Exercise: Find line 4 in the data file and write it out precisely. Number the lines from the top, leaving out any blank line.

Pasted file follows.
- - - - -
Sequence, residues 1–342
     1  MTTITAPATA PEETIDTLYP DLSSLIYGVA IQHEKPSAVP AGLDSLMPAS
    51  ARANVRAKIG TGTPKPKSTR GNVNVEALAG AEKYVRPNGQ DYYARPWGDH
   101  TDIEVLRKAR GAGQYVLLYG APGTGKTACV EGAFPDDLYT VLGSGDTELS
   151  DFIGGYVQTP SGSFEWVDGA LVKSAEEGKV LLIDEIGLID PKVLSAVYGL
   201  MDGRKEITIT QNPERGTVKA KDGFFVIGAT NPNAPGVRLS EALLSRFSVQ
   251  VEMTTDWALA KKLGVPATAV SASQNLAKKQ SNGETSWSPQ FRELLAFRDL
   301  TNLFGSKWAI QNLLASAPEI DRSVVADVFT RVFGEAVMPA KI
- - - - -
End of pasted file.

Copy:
   101  TDIEVLRKAR GAGQYVLLYG APGTGKTACV EGAFPDDLYT VLGSGDTELS